The B-BBEE Commission (the “Commission”) is empowered in terms of the Broad-Based Black Economic Empowerment Act 53 of 2003 (the “Act”) and has jurisdiction throughout South Africa. The Commission is charged, among other things, to oversee, supervise and promote adherence to the Act in the interest of the public and to receive complaints in relation to any non-compliance with the Act.
The Commission must execute its functions in a reasonable and timely manner, specifically in relation to the investigation and findings relating to complaints.
In Interwaste (Pty) Ltd and Others v Broad-Based Black Economic Empowerment Commission and Others (34095/21)  ZAGPPHC 1179 (5 July 2023), the Pretoria High Court dealt with an application to review and set aside the final findings of the Broad-Based Black Economic Empowerment Commission (the “Commission”).
On 3 February 2021, the Commission issued its final findings following an investigation based on a complaint by Mr Juris Ronny Mekgwe, which he had lodged four and half years before on 17 August 2016. In its final findings, the Commission found that the applicants had committed the offence of fronting and had undermined the objectives of the Act.
Notably, the Commission had failed to comply with Regulation 15(4) of the Broad-Based Black Economic Empowerment Regulations of 2016 (the “Regulations”). According to this regulation, a complaint must be investigated, findings must be made, and a report must be issued within one year from the date when the complaint was laid.
The Court noted that the Regulations provided for an extension of one year in terms of Regulation 15(15):
“(15) If the Commission is of the view that more time is warranted to conclude its process in respect of an investigation as contemplated in sub-Regulation (8), the Commission must inform the complainant of the need to extend the time, the circumstances warranting a longer period, and the exact period required as an extension.”
The Court held that it is a matter of logic that Regulation 15(15) should be implemented before the investigation period expires and that Regulation 15(4) would be of no consequence if an extension could be granted any time after the expiry of the one year.
There were numerous extensions. The Court observed that after having received the further extension from Mr Mekgwe for six months on 13 September 2018, the Commission, in any event, still needs to finalise its investigation within the six months as requested. Instead, the Commission only issued its findings on 3 February 2021, i.e., two years after the last extension for it to file the final findings.
The Commission alleged that capacity constraints caused the extraordinary delay. In this regard, the Commission explained in its answering affidavit that the official who dealt with the report resigned from the service of the Commission at the end of June. The Court held that the relevant official was not involved and did not sign any of the reports compiled by the Commission. In light of these circumstances, the Court rejected the evidence that the delay was caused by the “official who dealt with the report”.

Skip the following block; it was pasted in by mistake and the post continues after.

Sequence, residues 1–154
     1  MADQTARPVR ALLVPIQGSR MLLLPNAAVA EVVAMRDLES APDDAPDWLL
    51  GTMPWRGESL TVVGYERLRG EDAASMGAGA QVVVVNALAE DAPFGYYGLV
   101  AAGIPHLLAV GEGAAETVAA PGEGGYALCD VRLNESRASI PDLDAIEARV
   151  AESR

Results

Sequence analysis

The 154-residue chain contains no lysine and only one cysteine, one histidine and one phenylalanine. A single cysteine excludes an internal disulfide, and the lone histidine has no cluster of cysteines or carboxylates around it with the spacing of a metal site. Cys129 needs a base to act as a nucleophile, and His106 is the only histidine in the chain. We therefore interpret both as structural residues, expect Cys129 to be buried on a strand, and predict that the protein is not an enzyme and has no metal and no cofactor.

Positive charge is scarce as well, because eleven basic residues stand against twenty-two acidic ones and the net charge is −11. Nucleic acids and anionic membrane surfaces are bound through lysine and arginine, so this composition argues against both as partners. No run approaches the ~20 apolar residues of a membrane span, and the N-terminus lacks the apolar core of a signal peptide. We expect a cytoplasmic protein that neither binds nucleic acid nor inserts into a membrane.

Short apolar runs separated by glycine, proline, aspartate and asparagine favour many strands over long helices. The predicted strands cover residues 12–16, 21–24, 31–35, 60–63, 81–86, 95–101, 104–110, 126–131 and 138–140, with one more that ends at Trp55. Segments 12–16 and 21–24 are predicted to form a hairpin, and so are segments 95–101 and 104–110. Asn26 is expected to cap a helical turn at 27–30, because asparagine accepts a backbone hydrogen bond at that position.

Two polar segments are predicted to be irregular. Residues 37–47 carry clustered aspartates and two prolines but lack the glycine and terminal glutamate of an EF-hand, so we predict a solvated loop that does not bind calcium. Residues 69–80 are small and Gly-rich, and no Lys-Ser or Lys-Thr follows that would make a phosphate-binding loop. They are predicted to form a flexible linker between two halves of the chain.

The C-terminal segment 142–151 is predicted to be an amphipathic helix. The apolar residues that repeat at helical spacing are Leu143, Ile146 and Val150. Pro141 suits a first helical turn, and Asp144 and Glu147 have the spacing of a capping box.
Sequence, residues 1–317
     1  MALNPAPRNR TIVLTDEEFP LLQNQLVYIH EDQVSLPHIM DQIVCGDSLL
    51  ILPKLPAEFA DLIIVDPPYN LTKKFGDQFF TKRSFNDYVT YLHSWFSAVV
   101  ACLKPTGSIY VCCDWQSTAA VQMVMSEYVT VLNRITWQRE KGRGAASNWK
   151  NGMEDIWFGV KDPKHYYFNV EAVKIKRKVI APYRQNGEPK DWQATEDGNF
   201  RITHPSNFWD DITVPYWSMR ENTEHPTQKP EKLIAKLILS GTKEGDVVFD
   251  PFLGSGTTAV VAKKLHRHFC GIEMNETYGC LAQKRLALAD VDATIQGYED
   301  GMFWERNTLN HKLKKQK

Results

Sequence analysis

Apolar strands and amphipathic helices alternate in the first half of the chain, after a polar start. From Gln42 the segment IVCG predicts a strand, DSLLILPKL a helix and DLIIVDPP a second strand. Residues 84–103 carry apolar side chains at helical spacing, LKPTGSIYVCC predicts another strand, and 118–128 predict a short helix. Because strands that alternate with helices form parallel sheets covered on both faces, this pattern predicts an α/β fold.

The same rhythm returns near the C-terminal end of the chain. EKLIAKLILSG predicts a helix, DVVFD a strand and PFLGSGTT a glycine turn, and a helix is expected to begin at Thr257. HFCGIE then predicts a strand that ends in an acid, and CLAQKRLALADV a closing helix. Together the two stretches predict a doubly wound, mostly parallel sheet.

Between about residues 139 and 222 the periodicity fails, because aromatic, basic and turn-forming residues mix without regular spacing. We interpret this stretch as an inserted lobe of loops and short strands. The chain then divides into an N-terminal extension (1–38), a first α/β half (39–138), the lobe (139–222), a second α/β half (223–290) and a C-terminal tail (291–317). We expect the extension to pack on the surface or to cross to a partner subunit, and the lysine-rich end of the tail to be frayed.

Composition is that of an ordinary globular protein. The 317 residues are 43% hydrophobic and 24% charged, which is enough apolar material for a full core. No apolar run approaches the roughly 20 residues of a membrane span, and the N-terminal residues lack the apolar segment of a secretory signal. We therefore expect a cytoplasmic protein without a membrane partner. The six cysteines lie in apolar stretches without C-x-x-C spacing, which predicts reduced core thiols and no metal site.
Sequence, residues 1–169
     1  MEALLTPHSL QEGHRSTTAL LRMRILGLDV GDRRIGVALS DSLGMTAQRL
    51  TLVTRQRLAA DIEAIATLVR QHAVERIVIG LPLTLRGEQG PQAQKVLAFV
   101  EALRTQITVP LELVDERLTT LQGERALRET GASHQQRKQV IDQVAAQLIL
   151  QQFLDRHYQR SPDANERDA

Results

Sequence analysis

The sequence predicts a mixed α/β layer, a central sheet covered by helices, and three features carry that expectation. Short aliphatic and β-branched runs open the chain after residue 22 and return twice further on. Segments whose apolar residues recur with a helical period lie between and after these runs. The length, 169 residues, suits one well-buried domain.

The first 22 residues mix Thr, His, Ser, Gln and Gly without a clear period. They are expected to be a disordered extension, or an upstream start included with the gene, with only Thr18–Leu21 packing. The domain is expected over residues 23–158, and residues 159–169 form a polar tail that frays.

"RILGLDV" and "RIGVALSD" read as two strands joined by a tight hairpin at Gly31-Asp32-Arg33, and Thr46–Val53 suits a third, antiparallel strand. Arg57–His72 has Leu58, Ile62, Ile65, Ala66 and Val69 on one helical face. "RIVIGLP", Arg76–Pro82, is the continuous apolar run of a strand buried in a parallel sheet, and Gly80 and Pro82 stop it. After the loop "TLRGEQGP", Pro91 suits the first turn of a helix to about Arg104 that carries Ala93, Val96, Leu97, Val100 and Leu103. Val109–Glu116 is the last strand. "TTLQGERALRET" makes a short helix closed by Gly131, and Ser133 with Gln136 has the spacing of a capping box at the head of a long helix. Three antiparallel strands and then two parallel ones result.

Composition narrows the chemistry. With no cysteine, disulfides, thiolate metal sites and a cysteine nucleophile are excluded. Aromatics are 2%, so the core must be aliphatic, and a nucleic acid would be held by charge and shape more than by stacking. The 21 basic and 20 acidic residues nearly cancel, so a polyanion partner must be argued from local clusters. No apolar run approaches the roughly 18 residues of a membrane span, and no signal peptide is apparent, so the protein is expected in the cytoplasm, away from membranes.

The Commission further argued that it should be held that the time bar in Regulation 15(4) is merely procedural and not a substantive one, as it would defeat the Act’s purpose and undermine the Commission’s work. In this regard, the Court held that the Commission did not take cognisance of the fact that a pending investigation by the Commission may have devastating consequences on the accused party in conducting its business while under investigation for an indeterminate period.
In conclusion, the Court stated that even if it was found that the time bar in Regulation 15(4) is condonable by the Court, there was no application or any reliable or credible evidence before the Court that would constitute an application for condonation or that would constitute good cause for condoning the Commission’s reckless delay in finalising its investigation.
The Court accordingly found that the Commission acted beyond its powers when it issued its findings in breach of the empowering provisions of Regulation 15(4).
In light of the above, and for other reasons, the Court held that the decisions and final findings of the Commission were tainted to the extent that they were irregular and in violation of PAJA as well as the principle of legality. In addition, the Court held that once a ground of review under PAJA has been established, the Court is enjoined to declare the decision or finding unlawful. Consequently, the Court ordered that the final findings made by the Commission were unconstitutional, unlawful and invalid, and, therefore, reviewed and set aside.
Where the Commission has failed to issue its final findings within the prescribed one-year period in Regulation 15(4) and has failed to properly obtain extensions under Regulation 15(15), there may be grounds for review. Contact an expert at SchoemanLaw for assistance.